This workshop is designed especially for those who work in health and social services but open to all. Indeed it creates a richer experience when we can come together and learn with and from each other.

The world, society, and culture we have created for ourselves and each other is not fit for humans. Join us, be part of creating one that is.

Hearing Voices Workshop #1″
Accepting Voices

Thursday 30th APRIL, 2019
9:30am to 4:30pm

@ Inner City FHT
69 Queen St E

These re designed as small group, interactive workshops.
Spaces are limited.
Register Online now at Eventbrite.

Full description below…

Limited Spaces Available.

Tilt your universe blow your mind and / or gain a whole new perspective on experiences that we’re taught to fear and to believe that we can’t possibly understand. This workshop will show you tat you can understand, and in  simple, human terms.

We’ll be joined by some cool folks working at the intersections of trauma, psychosis, homelessness and in a system that many can see is overwhelmed and creaking at the seams.

No amount of more of the same will ever be enough so how do we do different?

You can start here.


“You gave me a whole new way of thinking about voices”

“I’m not quite sure what I learned nut I feel like my whole Universe has been tilted”

“Eye opening, Stunned”

Who needs to attend this workshop?

“Everyone working in mental health.  Scatch that:  EVERYONE!!!”

This workshop offers a beginning, an introduction to a non-diagnostic, non-medical,  human experience perspective understanding of the kinds of experiences – like difficult-to-hear voices- that are often categorised as “psychosis”.

A key part is making connections between pain, trauma psychosis powerlessness and disconnectedness we can experience when we find ourselves feared and discarded by society.

Hearing Voices Workshop#1

Accepting Voice
Thursday  30thAPRIL   2019

9.30am to 430pm
4th Floor, 69 Queen St East
[Queen n Church]

Spaces are limited
and registration is required.

Worker          $200
Community  $150

Register Now

Online at Eventbrite:

Click on the BIG RED BUTTON  or the link below to go to register now.


Full description below. There’s also a [pdf] printer friendly version.
Poster Only:           HV Workshop#1-Accepting Voices-Poster-APR2020

Full Workshop Description

Do you…?

  • Work with people who hear voices and who struggle with their experience of that?
  • Have someone in your life who hears voices and struggles with difficult experiences that get called “psychosis
  • Feel limited in your ability to understand and support them?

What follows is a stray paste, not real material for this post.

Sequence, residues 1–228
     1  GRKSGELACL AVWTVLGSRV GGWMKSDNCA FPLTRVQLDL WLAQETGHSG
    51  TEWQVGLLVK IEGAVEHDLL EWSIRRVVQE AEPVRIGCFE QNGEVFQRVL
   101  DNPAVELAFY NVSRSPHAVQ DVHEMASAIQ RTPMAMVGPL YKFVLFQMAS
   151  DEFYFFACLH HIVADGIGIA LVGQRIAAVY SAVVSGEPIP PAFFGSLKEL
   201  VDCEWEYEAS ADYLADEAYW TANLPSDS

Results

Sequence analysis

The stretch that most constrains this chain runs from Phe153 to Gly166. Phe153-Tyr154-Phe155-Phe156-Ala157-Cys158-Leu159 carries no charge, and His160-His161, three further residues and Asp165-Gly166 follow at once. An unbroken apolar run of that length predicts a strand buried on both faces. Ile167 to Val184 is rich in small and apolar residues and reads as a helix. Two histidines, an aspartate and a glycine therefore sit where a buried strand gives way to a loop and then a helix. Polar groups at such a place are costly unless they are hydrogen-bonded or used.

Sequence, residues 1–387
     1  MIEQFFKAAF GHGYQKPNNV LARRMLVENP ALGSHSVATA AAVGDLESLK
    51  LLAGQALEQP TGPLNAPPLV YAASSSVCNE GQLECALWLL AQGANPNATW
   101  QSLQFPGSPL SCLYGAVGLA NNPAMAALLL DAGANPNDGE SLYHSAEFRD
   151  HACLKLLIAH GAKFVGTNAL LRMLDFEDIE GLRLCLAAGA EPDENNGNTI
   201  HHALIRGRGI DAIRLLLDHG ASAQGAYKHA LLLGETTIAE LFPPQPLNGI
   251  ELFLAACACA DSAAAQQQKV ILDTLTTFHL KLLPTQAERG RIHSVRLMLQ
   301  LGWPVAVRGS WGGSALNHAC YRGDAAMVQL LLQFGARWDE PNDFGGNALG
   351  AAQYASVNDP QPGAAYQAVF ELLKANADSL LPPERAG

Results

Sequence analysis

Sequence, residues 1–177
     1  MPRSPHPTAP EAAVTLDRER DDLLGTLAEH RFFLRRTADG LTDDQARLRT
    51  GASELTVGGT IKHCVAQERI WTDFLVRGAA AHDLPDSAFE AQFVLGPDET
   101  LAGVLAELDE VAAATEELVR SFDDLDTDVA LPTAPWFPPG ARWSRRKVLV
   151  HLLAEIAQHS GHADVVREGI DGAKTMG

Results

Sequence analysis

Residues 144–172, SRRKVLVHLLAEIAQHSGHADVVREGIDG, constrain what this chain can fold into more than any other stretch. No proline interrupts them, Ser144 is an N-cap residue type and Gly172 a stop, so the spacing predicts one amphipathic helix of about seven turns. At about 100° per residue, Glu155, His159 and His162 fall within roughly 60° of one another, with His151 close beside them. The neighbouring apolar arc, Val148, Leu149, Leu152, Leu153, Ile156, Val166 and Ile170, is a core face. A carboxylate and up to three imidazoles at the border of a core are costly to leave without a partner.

• Feel frustrated at how the story that voices must mean illness limits us – not only the lives of people who hear voices, but all of us?
  • Feel weary of the notion that we must fear ourselves and fear each other?
  • Want to understand connections between adverse events, trauma , injury woundedness, pain and diffcult-to-hear voices.
  • Want to minimise the trauma you deepen or generate in your work with those who face being rendered powerlessness and disconected from society?
  • Feel ready to learn more, ask yourself “what else can I do?”.
  • Want to know more about how you can be part of the future, join us in enacting a world that understands ?

Are Ready to “tilt your universe”?

If so, then this workshop might help you tilt your universe and emancipate yourself with very simple and very human ways to understand and begin to act to support a person who struggles with difficult experiences that get called names like “psychosis”.

Our aim is that you can feel more confident in your ability to offer yourself as a one-person safe space to people who hear voices and struggle.

Note: If you’re looking for a workshop on how to diagnose and categorise your friends, family and colleagues and what dehumanizing names to call yourself and them, then know that this is not that workshop.

Our aim is that you can feel more confident in your ability to offer yourself as a one-person safe space to people who live with experiences that get called names like “psychosis” and that can be difficult to live with and more difficult to talk about.

Join us in enacting a world that understands voice hearing, supports the needs of people who hear voices and regards them as full citizens.


This Workshop is part of a structured and modular approach to learning, and is a  first step that is designed to offer a basic grounding but also foundation for further, deeper learning and practice in supporting people who struggle with experiences like difficult-to-hear voices that get called “psychosis”.